In a better world people (the community) would not to lose a valid product, a good team of developers, a good set of ideas and future things planned. We are no talking about food companies (that are however important) but of ones that research, invent hard things, intellectual things that after ARE USED by people, they are not only geek things, or a drawing to put on a wall and watch. Doesnt help this but choosing the way of the dollars it's like hurting ourselves.
It's the system that need a change, not only some corrections, i think ;) Because also opensource projects have their problems, of time (we've to work to live, for gain MONEY), people avaiable to spend their free time, money for books, hardware, connections, etc.
Let's hope that Be has marked good the way to follow to evolve BeOS into a modern OS, in its new forms.

Re: Re: Sadness
by Marco on Fri 4th Jun 2004 07:55 UTC

> You are very wrong on this. Bernd --who started YTAB--
> was porting a very-very well known pro audio application for BeOS

I apologize for my poor English and my bad memory. I correct myself: yT's magazine was called "Inside BeOS" and I intended to write "BeNews staff", not "stuff".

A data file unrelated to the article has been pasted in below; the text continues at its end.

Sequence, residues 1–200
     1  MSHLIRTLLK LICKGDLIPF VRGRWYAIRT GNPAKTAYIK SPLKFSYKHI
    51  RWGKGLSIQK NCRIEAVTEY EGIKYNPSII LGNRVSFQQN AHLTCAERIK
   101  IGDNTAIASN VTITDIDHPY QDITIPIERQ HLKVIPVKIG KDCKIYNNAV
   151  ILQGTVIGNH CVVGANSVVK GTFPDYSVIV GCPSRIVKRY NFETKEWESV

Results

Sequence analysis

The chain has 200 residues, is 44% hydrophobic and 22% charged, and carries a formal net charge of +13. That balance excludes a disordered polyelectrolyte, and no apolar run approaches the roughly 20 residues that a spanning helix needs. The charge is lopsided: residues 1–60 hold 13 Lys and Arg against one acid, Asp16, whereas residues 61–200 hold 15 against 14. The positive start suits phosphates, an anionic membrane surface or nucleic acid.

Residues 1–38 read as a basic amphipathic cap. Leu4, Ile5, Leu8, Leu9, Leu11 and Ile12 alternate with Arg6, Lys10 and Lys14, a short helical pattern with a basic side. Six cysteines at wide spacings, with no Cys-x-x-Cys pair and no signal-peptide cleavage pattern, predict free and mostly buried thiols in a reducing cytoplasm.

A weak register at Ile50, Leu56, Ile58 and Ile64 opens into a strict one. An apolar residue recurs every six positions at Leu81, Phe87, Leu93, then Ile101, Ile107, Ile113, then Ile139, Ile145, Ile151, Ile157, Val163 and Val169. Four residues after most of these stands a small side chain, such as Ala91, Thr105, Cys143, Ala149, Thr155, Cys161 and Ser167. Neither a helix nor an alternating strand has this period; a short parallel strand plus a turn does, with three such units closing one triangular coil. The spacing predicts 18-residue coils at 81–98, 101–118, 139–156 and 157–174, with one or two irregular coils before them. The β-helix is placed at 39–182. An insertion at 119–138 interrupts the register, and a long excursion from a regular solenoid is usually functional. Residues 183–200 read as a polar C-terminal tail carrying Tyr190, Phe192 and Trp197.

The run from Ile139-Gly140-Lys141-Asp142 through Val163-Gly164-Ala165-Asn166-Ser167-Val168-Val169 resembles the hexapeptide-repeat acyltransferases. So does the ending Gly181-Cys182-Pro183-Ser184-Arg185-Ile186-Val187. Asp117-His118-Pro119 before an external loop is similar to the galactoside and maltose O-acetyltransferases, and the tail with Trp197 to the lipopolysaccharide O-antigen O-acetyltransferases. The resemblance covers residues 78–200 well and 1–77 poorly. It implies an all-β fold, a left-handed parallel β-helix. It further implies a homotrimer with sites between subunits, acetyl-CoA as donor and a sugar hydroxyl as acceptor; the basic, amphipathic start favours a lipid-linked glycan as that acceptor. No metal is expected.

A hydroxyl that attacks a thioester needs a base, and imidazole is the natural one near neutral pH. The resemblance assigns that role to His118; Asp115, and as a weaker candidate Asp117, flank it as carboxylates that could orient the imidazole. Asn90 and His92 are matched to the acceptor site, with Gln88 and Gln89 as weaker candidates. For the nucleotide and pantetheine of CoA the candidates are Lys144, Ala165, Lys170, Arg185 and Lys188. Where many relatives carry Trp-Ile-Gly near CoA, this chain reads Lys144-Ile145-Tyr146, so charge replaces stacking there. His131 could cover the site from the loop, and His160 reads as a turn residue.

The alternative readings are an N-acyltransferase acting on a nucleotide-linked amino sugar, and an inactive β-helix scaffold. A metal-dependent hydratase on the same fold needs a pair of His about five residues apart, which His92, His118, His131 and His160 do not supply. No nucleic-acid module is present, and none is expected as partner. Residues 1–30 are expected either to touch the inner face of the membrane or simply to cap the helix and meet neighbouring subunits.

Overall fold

v Let it go.
by JS on Fri 4th Jun 2004 08:04 UTC
by Eugenia on Fri 4th Jun 2004 08:04 UTC

I just updated the article and added 3 more paragraphs with info... ;)

v RE:Let it go.
by Eugenia on Fri 4th Jun 2004 08:06 UTC
by Mat on Fri 4th Jun 2004 08:09 UTC

I am still an user. A funny story as a matter of fact, a year of so ago I've finally got myself a machine with enough disk space to actually triple-boot ;) I had a BeOS PE before, but the previous machine suffered from a serious case of disk space shortage and I mostly just wanted to check what's up with all those R5 PE spin-offs. So, I put on the DevEd on one of the partitions "for the afternoon". After turning off the SMP support, which is obviously of no use to me anyway (the same problem I had on the old machine), I was quite surprised to hear the sound of a succesfully installed OS through my crappy speakers! Everything just worked. After one year, that BFS partition is not going anywhere anytime soon! I admit I use BeOS mostly for listening to the music and checking out a thing or two concerning C++ programming. As a matter of fact, doing something from the moment of powering-up your PC, and considering all the alpha, 0.something versions of software and drivers it is amazingly stable!

Since we're kind of celebrating, I'll just sum up the pros of using BeOS in 2004 from my POV. There are many cons too, make no mistake, but _today_, that's off topic ;) !!!